Historic Trading Towns and Cities in Southeast Asia

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My interest in UNESCO World Heritage Sites started some 10 years ago. Ever since then, I have always patterned my trips towards seeing as many of these sites as I can. I have also been lucky enough with a few sites as I was able to pay them proper visits because of fieldwork and assignments. I consider this as my little addiction.

For my next article here, I would like to discuss more the five historic trading port towns in East and Southeast Asia. I just need to find that much sought after spare time to write down my thoughts and observations on Hoi An, Vigan, Macao, Malacca and George Town.

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Hoi An Ancient Town, the best example of a traditional trading port in Southeast Asia dating from the 15th to the 19th century (Viet Nam).

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Historic Town of Vigan, the best preserved planned Spanish colonial town in Asia that was established in the 16th century (the Philippines).

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Historic Centre of Macao, the first European enclave in the region and an outstanding representation of the interchange between Chinese and Western civilizations since the mid 16th century (China).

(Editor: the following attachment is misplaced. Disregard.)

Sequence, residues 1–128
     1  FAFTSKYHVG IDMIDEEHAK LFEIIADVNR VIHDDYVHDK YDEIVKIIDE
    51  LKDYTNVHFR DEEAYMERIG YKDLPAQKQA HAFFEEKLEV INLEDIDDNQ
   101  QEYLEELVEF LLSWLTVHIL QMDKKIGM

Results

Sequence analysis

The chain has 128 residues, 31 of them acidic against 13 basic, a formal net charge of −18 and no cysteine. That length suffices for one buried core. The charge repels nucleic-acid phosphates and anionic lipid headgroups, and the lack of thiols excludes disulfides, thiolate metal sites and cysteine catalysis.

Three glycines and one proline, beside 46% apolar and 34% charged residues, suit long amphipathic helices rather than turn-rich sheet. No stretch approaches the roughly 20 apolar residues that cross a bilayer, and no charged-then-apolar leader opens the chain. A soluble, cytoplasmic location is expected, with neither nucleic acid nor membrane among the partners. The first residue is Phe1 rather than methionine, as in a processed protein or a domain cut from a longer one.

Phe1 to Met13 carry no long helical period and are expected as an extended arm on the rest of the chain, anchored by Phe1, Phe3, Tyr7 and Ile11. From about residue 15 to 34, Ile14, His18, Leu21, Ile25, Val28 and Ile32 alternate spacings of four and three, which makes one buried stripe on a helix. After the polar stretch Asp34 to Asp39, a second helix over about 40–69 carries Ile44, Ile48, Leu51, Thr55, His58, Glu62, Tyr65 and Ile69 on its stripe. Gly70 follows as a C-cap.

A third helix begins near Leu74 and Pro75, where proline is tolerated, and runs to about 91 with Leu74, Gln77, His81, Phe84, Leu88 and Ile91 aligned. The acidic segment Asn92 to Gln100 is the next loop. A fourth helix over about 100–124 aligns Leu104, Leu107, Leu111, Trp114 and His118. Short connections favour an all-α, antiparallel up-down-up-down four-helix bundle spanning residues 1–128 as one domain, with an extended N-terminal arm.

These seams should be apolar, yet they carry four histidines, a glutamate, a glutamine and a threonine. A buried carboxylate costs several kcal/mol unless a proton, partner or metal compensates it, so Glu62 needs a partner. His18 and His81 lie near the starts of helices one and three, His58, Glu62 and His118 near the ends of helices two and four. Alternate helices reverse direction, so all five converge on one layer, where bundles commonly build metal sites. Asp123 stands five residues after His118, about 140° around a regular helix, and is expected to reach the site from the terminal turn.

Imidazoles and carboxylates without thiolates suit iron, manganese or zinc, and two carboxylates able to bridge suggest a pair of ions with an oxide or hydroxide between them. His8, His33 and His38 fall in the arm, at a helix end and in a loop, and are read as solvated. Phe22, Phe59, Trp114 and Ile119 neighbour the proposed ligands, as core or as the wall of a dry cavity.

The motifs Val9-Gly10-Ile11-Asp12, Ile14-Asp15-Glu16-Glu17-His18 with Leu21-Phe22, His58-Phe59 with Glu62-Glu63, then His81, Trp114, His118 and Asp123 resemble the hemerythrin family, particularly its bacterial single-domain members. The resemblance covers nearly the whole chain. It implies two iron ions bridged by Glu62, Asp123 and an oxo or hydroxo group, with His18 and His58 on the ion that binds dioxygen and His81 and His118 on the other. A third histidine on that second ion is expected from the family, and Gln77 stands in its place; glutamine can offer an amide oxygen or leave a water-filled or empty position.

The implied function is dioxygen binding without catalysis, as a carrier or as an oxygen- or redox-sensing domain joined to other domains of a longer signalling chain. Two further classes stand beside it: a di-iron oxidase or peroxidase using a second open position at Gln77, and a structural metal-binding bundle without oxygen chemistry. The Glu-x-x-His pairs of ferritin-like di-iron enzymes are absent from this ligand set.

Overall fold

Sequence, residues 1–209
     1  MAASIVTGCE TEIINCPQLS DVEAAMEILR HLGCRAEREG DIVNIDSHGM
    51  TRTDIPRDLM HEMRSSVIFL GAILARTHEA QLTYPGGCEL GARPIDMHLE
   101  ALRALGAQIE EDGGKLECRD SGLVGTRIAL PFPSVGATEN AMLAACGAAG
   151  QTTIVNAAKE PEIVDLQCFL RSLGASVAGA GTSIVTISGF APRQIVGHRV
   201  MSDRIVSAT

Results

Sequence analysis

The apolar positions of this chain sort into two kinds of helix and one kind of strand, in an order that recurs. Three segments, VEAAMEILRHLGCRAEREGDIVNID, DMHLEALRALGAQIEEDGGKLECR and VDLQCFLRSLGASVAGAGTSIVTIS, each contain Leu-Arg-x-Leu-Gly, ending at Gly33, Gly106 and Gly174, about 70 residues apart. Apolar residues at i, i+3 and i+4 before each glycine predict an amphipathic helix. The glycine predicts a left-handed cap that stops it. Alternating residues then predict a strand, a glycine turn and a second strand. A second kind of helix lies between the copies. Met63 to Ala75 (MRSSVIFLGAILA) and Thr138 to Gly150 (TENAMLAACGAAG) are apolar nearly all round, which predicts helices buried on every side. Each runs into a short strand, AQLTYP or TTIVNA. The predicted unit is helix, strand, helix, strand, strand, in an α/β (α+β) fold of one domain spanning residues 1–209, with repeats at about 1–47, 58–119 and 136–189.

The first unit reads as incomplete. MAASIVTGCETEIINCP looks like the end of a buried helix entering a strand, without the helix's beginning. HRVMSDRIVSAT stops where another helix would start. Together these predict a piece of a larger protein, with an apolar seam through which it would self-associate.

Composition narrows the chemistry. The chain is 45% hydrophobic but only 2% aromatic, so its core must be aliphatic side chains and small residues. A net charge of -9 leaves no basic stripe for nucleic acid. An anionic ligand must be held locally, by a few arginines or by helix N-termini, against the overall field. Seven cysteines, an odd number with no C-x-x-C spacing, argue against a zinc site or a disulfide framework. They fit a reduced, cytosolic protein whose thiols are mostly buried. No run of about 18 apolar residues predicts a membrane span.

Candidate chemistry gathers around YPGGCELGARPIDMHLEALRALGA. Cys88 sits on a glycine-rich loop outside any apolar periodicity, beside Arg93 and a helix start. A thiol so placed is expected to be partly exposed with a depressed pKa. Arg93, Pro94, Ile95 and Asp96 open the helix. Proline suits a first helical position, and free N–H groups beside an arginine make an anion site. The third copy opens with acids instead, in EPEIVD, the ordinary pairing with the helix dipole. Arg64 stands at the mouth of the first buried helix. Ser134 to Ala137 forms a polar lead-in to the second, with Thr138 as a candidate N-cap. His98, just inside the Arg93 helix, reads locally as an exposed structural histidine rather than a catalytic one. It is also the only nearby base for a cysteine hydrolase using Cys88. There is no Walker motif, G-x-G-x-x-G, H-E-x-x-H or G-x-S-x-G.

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Historic Cities of the Straits of Malacca: Melaka, a strategic 15th century Malay port that developed further during the Portuguese and Dutch periods beginning in the early 16th century (Malaysia).

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Historic Cities of the Straits of Malacca: George Town, a remarkable example of a British-built city in Southeast Asia from the end of the 18th century (Malaysia).

 

For now, may these photos continue to supply me the needed motivation, optimism, and determination to be able to finally sit down, gather my thoughts properly, and write again one of these days.

This is an article in progress.

Filipino Culture & History through the Northern Philippines

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The Philippines has a rich history and culture, but we sometimes do not understand the country well enough to realize to what extent. It is not a question of whether we have it or not. Rather, it is of how much we really know and are aware. One way to get reacquainted with the Filipino identity and our past is by taking what I would call as a heritage trail up north. The beauty of Northern Philippines lies on the fact that it is home to four UNESCO World Cultural Heritage Sites.

What does this mean?